Emergency 101

Doctor Offers Advice For Babysitting Grandparents

Sleepovers with grandkids rank high on the cherished-moments list for most grandparents. But when the tea parties and story times give way to high fevers and broken bones, being in charge can create anxious moments instead. Dr. Christine Darr, medical director of the Pediatric Emergency Department at Rocky Mountain Hospital for Children, offers some tips for decreasing that anxiety when emergency trips are required.

What are some common reasons grandparents bring children to you?

We frequently see drug ingestions or other accidental poisonings. Sometimes, when grandparents are visiting or babysitting, they have their medications in their bag or purse, which they might leave on a chair or somewhere else accessible to kids. Other times, when kids are being watched in their grandparents’ homes, the homes might not be safety-proofed for grandchildren.

What are some things parents can do to make emergencies easier for grandparents?

They should tell grandparents or any babysitters how to reach them and leave other important information, such as the number for the children’s pediatrician, which emergency department to take them to, a list of medicines and medical conditions the children have, and written permission to seek and give consent for medical care for the children. Typically, a parent will call the primary care provider if they are worried about a child. Grandparents should do that, too.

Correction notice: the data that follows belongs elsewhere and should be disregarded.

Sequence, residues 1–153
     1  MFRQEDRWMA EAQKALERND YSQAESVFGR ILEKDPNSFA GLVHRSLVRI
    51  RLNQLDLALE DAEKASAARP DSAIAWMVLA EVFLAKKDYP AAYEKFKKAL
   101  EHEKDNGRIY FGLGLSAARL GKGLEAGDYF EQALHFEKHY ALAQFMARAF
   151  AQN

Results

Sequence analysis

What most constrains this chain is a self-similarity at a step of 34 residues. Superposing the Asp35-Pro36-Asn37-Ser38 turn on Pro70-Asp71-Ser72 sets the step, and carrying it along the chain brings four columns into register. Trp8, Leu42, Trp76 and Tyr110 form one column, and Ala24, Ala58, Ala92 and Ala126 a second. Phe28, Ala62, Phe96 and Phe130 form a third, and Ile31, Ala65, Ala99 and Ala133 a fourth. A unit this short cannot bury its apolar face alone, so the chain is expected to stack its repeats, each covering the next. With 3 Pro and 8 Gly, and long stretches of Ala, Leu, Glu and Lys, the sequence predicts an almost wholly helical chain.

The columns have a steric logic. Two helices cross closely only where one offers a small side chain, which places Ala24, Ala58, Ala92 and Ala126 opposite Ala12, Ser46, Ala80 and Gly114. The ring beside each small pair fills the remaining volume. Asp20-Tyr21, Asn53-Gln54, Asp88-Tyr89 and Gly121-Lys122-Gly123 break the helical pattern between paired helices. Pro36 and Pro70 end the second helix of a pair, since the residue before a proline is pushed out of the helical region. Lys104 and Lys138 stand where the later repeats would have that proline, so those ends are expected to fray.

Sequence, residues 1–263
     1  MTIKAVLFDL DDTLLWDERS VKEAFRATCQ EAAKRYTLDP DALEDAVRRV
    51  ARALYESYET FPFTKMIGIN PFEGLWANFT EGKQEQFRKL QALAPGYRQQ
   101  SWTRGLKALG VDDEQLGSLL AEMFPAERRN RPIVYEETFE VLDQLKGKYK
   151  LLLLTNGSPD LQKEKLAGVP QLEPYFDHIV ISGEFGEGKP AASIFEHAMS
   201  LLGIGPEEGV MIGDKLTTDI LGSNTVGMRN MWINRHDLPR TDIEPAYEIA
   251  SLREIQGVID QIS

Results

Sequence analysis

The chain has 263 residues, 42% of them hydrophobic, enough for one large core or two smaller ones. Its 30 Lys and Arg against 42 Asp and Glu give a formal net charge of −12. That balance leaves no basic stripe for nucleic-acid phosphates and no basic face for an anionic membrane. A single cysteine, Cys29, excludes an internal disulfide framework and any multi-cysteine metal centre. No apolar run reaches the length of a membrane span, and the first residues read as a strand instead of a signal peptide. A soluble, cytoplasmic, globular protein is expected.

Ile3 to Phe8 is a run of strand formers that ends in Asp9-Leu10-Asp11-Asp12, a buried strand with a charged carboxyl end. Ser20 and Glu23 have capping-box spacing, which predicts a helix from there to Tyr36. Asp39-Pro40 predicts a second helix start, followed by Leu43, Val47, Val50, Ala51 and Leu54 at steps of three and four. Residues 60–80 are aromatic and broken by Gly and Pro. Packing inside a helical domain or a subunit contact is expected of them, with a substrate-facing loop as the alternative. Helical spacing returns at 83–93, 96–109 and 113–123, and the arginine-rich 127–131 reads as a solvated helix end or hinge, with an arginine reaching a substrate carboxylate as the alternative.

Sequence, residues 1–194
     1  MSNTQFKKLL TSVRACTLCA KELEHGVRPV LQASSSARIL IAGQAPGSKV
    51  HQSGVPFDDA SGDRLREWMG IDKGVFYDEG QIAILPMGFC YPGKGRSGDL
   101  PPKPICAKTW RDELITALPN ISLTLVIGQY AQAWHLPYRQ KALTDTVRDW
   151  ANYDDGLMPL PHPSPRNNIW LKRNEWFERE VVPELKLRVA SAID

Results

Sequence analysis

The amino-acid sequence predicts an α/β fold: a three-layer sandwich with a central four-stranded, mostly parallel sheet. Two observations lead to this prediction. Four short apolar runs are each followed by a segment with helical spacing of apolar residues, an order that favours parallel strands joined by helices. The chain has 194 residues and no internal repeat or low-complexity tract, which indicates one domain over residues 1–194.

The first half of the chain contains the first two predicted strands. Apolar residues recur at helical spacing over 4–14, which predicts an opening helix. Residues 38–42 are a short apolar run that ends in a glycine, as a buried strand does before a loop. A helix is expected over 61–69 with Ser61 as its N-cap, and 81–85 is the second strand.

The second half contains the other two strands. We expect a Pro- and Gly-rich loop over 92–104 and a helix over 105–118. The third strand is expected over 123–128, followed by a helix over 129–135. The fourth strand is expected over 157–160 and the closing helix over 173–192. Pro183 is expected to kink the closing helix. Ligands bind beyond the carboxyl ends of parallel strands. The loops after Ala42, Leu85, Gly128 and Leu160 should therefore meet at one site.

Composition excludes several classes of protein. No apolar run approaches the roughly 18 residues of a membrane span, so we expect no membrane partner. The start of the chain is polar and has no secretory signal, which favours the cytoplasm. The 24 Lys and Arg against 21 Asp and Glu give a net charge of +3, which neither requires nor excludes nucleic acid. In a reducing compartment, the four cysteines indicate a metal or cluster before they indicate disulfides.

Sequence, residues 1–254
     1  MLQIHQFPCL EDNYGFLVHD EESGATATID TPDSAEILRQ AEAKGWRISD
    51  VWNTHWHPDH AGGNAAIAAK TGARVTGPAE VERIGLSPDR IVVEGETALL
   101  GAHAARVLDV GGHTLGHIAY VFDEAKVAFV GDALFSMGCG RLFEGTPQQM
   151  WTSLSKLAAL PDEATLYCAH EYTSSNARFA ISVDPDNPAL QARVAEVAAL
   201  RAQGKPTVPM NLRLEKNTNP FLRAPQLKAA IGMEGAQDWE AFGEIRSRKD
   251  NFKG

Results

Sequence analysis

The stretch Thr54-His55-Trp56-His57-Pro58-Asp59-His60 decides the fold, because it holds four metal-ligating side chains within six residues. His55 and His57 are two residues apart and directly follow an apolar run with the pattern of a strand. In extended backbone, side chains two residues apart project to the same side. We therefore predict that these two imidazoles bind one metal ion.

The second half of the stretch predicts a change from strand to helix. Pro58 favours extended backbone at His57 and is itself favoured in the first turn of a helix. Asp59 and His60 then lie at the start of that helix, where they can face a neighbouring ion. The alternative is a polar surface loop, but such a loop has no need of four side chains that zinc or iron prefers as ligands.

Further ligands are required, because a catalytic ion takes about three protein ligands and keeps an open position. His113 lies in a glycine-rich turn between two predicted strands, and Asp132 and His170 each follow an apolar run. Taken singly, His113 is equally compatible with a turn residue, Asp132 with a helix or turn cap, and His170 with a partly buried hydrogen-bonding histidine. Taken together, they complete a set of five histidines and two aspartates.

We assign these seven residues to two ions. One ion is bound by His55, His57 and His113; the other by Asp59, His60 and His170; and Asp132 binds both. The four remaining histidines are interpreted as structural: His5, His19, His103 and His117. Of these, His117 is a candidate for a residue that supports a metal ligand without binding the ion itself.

What if the child needs to go to an emergency department, and the grandparents do not have a signed consent?

In the emergency department, we will always treat a patient right away in a life-threatening situation; however, if it’s not life-threatening, we will wait for parent consent prior to beginning treatment, which can be done over the phone if needed.

What are some signals for grandparents that emergency care is needed?

If the child is breathing hard, not waking up, won’t stop crying, has severe pain or has a significant change in behavior. Also, lacerations, broken bones and high fevers not responding to fever reducers. If grandparents are not sure if they should take a grandchild to the emergency department, they should call the child’s pediatrician for advice.

You said parents should specify their emergency department. Why?

If a child is critically ill, an ambulance crew is going to take the child to the closest emergency department. But let’s say, for example, the child has a febrile seizure which has stopped, which 2 to 5 percent of children with fevers do. Then grandparents can ask for a certain emergency department. Often, a parent’s choice is based on insurance and a pediatrician’s recommendation that kids go to a pediatric emergency department where there is specialized pediatric emergency care.

Is there anything else you would add?

It is important for parents to let grandparents know what parenting rules are important for the grandparents to follow. Some things such as car-seat rules, diet recommendations, and infant sleep positions have changed since grandparents were parents. And some parents feel strongly about things like diet or sleep patterns, so they should tell the grandparents those things that are important to them. On the other hand, they shouldn’t micromanage or criticize grandparents on the little things. Babysitting their grandchildren should be an enjoyable experience.